The names and Social Security numbers of 450 current students and alumni were accessed illegally from the UR Student Employment Web site a nonacademic database and copied to an off-campus IP address on Jan. 7.

According to Chief Information Security Officer Julie Myers, Student Employment immediately called for a security investigation when a potential breach was suspected in the system. Immediate steps were taken to contain the breach measures included taking down the Web site and searching two-and-a-half years of student history to ensure that no additional information was copied. Once the logs revealed evidence of stolen information, the New York State Attorney General, the Consumer Protection Board and the Office of Cyber Security were notified. The FBI was also contacted and is currently investigating the theft. Those affected by the breach were notified and will receive credit protection monitoring and insurance for a year, paid for by the University.

‘The Social Security numbers were not openly posted on the web site but stored for the convenience of students in a system that was state-of-the-art at the time,” Provost Ralph Kuncl said. According to Kuncl, the hackers had to break through multiple security layers to access them.

The Student Employment Web site is still out of operation. Currently, the office has on-campus job postings in a packet in the Career Center.

Security thefts have affected a myriad of online databases, but universities are particularly at risk because of the decentralized nature of information.

‘It is our culture of freedom of expression and ideas and offering free access to information that makes us potential targets of cyber crime,” Kuncl said.

New York State passed a law minimizing the use of Social Security numbers, however the federal government still requires the University to maintain a record of all students’ Social Security numbers.

‘We are caught between the government’s requirement of asking for Social Security numbers and our desire not to do so for security reasons,” Kuncl said.

The Data Security Taskforce, which Kuncl and University General Counsel Sue Stewart both chair, recently established a new policy that aims to register databases where Social Security numbers are stored in order to eliminate unnecessary usage of this private information. The new policy is not a product of this hacking incident the University has been taking cautious measures as a result of previous near-breaches and an overall increased awareness of Internet crime in society.

‘IT has specific policies in regard to handling five crucial pieces of information, namely Social Security numbers, credit card numbers, patient records, students’ academic records and employment information,” Stewart explained. ‘We have a robust operational system for data that needs to be stored and specific policies for those that can be destroyed safely.”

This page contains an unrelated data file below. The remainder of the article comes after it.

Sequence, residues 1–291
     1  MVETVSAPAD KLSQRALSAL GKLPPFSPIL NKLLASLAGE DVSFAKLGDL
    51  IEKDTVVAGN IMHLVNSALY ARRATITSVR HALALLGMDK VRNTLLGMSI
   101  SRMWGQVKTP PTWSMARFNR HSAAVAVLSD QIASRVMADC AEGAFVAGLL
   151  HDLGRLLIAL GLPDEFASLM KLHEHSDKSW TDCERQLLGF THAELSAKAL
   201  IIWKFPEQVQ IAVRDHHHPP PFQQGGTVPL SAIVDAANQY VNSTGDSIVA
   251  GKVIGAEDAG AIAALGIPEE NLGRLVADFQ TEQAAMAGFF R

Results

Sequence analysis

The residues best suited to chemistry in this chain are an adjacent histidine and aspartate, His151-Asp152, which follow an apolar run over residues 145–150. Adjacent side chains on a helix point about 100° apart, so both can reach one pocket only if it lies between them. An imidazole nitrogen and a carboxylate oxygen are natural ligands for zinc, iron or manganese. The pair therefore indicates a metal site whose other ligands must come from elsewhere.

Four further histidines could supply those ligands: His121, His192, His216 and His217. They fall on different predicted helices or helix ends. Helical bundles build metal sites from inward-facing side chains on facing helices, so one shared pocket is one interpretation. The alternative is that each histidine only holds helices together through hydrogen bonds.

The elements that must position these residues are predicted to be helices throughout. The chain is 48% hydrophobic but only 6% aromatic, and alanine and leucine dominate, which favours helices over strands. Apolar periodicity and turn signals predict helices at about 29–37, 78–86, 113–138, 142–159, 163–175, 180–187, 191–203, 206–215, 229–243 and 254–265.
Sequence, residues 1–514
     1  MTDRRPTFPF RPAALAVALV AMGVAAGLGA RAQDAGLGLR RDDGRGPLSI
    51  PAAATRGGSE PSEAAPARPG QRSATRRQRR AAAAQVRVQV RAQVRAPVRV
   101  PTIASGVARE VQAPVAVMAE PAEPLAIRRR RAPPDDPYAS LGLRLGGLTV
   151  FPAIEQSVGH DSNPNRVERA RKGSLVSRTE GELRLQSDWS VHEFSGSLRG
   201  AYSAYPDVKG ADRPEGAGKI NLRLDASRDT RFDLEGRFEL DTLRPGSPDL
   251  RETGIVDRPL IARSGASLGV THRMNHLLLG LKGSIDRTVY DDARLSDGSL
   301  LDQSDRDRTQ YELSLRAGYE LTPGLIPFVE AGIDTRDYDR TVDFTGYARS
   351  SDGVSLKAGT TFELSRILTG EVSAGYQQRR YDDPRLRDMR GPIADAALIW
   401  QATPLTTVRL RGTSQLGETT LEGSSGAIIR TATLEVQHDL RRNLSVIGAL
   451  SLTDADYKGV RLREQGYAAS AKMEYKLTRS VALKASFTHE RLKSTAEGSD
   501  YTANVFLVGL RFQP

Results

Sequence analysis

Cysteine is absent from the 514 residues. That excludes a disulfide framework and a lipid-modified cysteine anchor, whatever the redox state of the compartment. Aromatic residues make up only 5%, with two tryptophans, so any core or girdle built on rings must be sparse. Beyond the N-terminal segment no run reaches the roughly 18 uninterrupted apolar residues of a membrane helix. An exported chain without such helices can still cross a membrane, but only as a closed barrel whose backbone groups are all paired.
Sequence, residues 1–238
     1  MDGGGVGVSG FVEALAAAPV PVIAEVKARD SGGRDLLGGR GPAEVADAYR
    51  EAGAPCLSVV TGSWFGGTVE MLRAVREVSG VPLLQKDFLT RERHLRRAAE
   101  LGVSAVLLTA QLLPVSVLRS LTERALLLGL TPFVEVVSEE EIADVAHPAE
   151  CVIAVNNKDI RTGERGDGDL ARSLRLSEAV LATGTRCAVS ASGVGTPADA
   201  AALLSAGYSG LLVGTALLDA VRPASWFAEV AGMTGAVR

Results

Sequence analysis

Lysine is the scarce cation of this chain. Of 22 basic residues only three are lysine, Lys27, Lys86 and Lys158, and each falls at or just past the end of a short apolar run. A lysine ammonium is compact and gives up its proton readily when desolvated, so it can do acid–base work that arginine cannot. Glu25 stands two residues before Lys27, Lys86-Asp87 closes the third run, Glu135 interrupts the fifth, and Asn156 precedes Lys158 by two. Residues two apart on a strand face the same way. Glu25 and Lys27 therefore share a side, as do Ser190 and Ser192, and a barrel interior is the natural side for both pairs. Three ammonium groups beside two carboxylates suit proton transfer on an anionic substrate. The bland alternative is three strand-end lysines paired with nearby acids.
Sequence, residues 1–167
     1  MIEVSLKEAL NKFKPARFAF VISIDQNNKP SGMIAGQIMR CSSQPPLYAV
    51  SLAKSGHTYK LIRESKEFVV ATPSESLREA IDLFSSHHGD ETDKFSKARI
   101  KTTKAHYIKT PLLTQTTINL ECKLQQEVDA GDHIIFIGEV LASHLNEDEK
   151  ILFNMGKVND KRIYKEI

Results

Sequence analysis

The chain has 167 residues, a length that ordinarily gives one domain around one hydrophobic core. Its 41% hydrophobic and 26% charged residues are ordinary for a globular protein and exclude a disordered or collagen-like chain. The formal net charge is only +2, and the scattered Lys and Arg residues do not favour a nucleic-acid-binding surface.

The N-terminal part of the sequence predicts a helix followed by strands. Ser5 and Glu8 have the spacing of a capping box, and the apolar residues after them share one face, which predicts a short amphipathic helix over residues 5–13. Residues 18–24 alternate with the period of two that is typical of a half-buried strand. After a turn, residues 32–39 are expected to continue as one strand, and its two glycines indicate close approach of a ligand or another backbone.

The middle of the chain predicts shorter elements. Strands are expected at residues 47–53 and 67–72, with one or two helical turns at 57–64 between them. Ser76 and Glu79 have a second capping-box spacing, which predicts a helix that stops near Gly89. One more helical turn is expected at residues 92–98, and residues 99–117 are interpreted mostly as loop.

Myers added that their efforts focus on checking all Web applications, mitigating vulnerability and mediating and controlling access around these applications.
‘Information security is a journey, not a solution,” Myers said. ‘As soon as you plug one hole, hackers will find another sophisticated way to get around filters and access your data.”

In general, she advises students to be cognizant of identity thefts, spam and phishing attacks. Stewart cautions students from easily giving out their personal information, advises them to be watchful of suspicious changes to their accounts and encourages questioning offices that demand Social Security numbers to be on file. The IT office is also open to questions and concerns and willing to educate students about Internet-related security in general.

Sophomore Alex Hunstad was one of 450 randomly targeted students and former students. Hunstad explained that after he was notified, he received a barrage of e-mails and letters, with advice on online protection and a free credit monitoring service for a year.

‘They sent me an email [Jan.] 9,” Hunstad said. ‘I’m sure they looked into it a lot and sent out a bunch of emails. It was pretty much right away. When I got back, [the letter] was already in my mailbox.”

Though he expressed uncertainty as to how or why the incident happened, Hunstad did not fault the school for the security breach.

‘There’s nothing they can do about it now, so I don’t really blame them,” he said.
Kuncl acknowledged that it is not merely the 450 people in the UR community that are affected by the hacking incident.

‘The University itself is a victim of this sophisticated cyber crime,” Kuncl said. ‘The subject of privacy and crime is rather complex… We care deeply for students’ right of protection of their personal information and sincerely regret the inconvenience this incident has caused.”

Rath is a member of the Class of 2012.

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